SF Sketchfest Review: Sara Schaefer: Little White Box, Krista Fatka at Punchline, 1/16/18

by Dakin Hardwick on January 22, 2018

As we all know, things are kind of nutty right now. There are some terrible people in power, those people are inspiring other terrible people to act and speak out in terrible ways, and it seems that the entire country has been either drowning, burning, or freezing most of this year. The best thing for coping with all of this, at least for me, is satire. But not dark satire. Warm, comforting satire, that helps you laugh at the issues while also feeling comforted that somebody else understands what’s going on. Sara Schaefer is one of the finest writers of this brand of satire. And, despite it being a Tuesday night, I needed to see what she had to say.

Krista Fatka opened the show with a very brief warm up set. She’s a local, and I’m surprised I hadn’t seen her perform yet, but she’s definitely onto something good. Her rhythm is excellent, and she definitely is well studied in the art of stand up. I will admit to not loving her entire set, but when she was on, she was definitely “ON.” Especially when talking about chihuahuas, who are a special breed of dog, and it’s great when comics understand them.

Schaffer danced on to the stage while the epic sounds of “Return Of The Mack” by Mark Morrison filled the room. She danced herself into a state of near exhaustion, or comically over exaggerated tiredness, depending on how you look at it. She then dove head first into a pitch perfect, one woman show, reflecting on our current world.

Early in the set, she started with a bit about how divided we are, as a people these days. She specifically brought up the fact that the worst people that keep optimistic slogans that include words like “love” and “God” and “hope” on artwork in their homes. She then told a series of stories and anecdotes that she managed to move through seamlessly. Schaefer covered anxiety and night terrors, dealing with the rise of conspiracy theorists, the legitimization of conspiracy theorists, how religion plays into your political ideology, and at no point did it feel like any theme was in a box on it’s own. And, most importantly, she was funny as hell well covering this ground.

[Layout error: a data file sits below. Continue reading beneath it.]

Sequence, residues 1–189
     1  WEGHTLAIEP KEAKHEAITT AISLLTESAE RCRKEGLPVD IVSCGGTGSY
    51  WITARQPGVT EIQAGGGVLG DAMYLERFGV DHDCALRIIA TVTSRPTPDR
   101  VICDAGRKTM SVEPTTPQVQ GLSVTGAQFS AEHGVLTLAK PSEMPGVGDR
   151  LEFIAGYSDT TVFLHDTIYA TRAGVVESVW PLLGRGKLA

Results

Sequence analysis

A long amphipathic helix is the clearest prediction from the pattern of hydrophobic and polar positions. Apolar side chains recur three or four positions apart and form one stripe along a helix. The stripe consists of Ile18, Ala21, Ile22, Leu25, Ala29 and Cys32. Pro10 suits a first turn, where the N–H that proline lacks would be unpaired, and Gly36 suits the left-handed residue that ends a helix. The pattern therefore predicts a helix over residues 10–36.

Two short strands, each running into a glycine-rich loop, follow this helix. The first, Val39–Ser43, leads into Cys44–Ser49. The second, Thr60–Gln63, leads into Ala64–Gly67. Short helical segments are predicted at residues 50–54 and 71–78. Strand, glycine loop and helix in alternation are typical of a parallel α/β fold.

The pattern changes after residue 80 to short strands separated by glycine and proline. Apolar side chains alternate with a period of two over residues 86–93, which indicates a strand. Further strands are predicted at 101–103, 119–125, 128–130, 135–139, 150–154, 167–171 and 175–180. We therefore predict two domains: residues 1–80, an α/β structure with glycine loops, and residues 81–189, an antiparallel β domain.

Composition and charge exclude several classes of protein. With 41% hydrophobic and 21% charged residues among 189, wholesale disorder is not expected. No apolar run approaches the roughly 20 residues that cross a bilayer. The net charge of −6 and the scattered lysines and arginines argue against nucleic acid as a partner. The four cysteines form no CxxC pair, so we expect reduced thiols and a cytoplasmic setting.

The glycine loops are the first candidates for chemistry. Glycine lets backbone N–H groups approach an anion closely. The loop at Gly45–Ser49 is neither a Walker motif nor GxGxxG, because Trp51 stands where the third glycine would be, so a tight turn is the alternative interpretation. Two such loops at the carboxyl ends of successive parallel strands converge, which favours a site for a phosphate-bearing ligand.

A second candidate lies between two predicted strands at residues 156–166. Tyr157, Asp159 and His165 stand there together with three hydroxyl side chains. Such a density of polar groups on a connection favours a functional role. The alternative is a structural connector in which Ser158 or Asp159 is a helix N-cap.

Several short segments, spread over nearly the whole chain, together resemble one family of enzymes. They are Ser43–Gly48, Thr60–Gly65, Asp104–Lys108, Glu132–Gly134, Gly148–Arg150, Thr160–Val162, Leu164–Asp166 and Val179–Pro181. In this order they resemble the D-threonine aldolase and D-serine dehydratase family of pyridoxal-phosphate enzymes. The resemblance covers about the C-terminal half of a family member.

One of my favorite takeaways came from her discussion of religion. Schafer was raised in a baptist household, and said that her Christian upbringing is what made her the liberal she is today. She told a few stories that circled around this. She sang a song about keeping Jesus in a “little white box” with you all the time, while also keeping Satan in a similar box, but only after smashing him. She also brought up the conflict of Hobby Lobby, a place where they use “religion” to control women and keep them away from necessary medical treatment and birth control, but is also a place where you may actually find exactly what you need at a fair price. She closed the show out by informing the crowd that Hobby Lobby has been working on a bible museum in Washington, DC, and had actually purchased artifacts from Isis to make this possible (Google it!) .

Sara Schafer is one of the boldest and brightest minds in the comedy world commenting on the world as we know it today. She’s fearless and bold and funny, and put together a totally unique show. This was thought provoking in all the right ways, and I hope everyone gets to enjoy this show.

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